That may be the view of some of the hedge funds and other large speculators who expect prices to keep dropping. They held a net-short position of 11,899 futures and options contracts by Dec. 24, U.S. Commodity Futures Trading Commission data show. That’s from a record net-long position of 80,827 on Aug. 7.
Chicago futures fell for a third consecutive month in December, dropping 9.9 percent, before trading at $7.575 today. Prices for hard, red-winter wheat on the Kansas City Board of Trade slumped 9 percent last month to $8.31 a bushel. The USDA raised its estimate for global reserves by 1.6 percent from a month earlier on Dec. 11, after raising its production estimate and reducing the demand forecast.
The Dust Bowl that ravaged Great Plains states in 1934, 1936 and 1939 was the result of farming practices that left soil unprotected from sustained drought. High winds carried loose dirt into the sky, creating storms referred to as “black blizzards,” according to the National Climatic Data Center.
U.S. wheat production plunged 30 percent in 1933 and dropped another 5 percent the following season to a 38-year low of 526 million bushels, according to USDA data. Farmers are expected to collect 2.27 billion bushels in the current season.
The USDA probably is underestimating the drought damage to crops in Argentina and Australia, Goldman Sachs Group Inc. analysts led by New York-based Jeffrey Currie wrote in a report Dec. 5. Global inventories will be smaller than forecast, partly because wheat remains an affordable alternative to corn for feeding livestock, they wrote.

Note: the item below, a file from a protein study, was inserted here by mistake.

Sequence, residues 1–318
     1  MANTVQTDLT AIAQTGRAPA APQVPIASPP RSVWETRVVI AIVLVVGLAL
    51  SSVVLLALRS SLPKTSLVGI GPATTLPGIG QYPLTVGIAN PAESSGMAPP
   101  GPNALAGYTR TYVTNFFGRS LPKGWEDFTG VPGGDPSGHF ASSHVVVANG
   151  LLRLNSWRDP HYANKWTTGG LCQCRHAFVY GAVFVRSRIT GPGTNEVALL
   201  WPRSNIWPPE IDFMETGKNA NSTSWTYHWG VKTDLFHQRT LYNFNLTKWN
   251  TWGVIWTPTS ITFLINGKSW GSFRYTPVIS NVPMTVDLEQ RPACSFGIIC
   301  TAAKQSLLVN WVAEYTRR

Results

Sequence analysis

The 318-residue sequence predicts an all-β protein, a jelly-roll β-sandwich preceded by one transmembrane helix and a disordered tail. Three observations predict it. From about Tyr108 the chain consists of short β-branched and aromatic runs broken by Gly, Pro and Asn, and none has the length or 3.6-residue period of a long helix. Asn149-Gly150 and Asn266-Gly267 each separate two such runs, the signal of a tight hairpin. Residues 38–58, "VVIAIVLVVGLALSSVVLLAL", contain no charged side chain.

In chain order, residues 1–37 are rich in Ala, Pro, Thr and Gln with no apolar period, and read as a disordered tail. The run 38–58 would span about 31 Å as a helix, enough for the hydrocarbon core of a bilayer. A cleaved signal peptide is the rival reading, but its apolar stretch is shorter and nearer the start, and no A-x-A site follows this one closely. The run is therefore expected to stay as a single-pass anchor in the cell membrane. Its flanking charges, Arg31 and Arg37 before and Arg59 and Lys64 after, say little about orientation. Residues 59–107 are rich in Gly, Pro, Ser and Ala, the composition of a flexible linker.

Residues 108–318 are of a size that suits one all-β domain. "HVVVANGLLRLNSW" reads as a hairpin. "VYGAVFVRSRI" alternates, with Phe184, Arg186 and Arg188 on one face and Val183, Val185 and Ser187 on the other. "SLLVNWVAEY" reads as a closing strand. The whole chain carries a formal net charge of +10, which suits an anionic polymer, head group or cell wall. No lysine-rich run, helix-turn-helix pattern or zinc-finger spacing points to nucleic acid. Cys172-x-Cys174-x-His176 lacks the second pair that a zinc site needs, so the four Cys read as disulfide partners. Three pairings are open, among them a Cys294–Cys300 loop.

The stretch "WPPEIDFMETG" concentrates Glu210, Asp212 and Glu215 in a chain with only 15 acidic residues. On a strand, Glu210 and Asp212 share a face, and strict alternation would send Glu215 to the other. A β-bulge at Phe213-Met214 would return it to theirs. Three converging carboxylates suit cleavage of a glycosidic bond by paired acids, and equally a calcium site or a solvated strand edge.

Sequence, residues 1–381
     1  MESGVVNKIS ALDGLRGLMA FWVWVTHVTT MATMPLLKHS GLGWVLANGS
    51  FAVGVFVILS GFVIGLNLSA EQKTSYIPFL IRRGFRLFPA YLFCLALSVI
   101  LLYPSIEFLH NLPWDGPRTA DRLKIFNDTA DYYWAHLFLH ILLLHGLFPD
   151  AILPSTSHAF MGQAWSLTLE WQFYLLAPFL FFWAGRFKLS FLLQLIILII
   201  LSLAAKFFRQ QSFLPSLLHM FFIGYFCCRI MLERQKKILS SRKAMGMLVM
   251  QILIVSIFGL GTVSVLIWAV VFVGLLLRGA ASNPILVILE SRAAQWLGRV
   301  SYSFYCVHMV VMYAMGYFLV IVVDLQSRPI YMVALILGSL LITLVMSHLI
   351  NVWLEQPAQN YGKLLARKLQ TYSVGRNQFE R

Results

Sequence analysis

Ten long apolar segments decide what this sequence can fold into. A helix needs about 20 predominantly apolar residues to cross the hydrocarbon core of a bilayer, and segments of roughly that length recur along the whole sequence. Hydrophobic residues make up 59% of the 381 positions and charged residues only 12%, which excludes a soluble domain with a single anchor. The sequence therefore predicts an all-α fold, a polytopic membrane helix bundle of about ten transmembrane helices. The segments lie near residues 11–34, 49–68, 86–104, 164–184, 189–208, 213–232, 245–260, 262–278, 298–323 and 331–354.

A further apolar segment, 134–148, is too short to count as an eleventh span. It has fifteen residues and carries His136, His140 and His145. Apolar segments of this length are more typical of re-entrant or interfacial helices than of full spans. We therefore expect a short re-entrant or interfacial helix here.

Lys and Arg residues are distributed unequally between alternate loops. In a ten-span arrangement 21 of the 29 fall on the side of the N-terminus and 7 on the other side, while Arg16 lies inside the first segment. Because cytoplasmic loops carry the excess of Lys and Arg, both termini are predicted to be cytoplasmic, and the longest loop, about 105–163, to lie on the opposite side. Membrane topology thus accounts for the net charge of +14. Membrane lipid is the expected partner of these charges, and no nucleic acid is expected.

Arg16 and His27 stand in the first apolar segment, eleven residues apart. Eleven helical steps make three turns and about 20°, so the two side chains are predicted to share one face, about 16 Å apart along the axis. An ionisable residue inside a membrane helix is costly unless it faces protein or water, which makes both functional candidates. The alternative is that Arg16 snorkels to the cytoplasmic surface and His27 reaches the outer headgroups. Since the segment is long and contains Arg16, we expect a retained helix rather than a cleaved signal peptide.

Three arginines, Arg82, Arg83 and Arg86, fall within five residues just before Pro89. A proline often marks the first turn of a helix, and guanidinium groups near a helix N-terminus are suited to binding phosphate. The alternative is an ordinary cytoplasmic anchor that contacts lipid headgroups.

Russian production will fall 32 percent to 38 million tons and Australian output will drop 26 percent to 22 million tons, according to the USDA. Argentina has said it will curb exports until the end of January to protect domestic supply.
Investors may not realize the potential problems with wheat supply, Abdolreza Abbassian, an economist at the United Nations’ Food & Agriculture Organization in Rome, said in an interview Dec. 6. He cited concern over growing conditions in Russia, the U.S. and Europe, and grain harvests in Argentina, where the worst dry spell in 85 years, combined with unusually wet weather in coastal areas, damaged wheat crops and delayed corn planting.
While global food prices tracked by the UN were 2.5 percent lower than a year earlier in November, the group’s cereals index was 12 percent higher. Cattle futures rose for a fourth year in 2012 and hog prices for a fifth year as feed costs increased.
Third-quarter profit at Mexico City-based Grupo Bimbo SAB, the world’s largest breadmaker, fell 82 percent to 369.5 million pesos ($28.4 million), partly because of costlier wheat. The company faces “pressure” on raw materials after the “rapid rise” in prices, Chief Executive Officer Daniel Servitje Montull told analysts on a conference call in October. Futures averaged the second-highest on record in 2012.
With drought also damaging U.S. corn and soybeans, crop-insurance claims for 2012 may more than double to a record $28 billion, according to Doane Advisory Services Co., a farm and food-company researcher in St. Louis. With so much of the winter crop already lost, claims may not subside any time soon.
About 30 percent of the winter wheat in central Kansas has already failed, with further damage likely unless there is rain, said Rosie Meier, a grain merchandiser at the Great Bend Co-op in Great Bend, Kansas.
“There’s a lot of wheat that did not come up,” she said. “Farmers are going to be hurt. Right now, they’re doing OK because their insurance checks and the higher grain prices kept them going. If they don’t get production next year, they’ll have to rely on just the insurance.”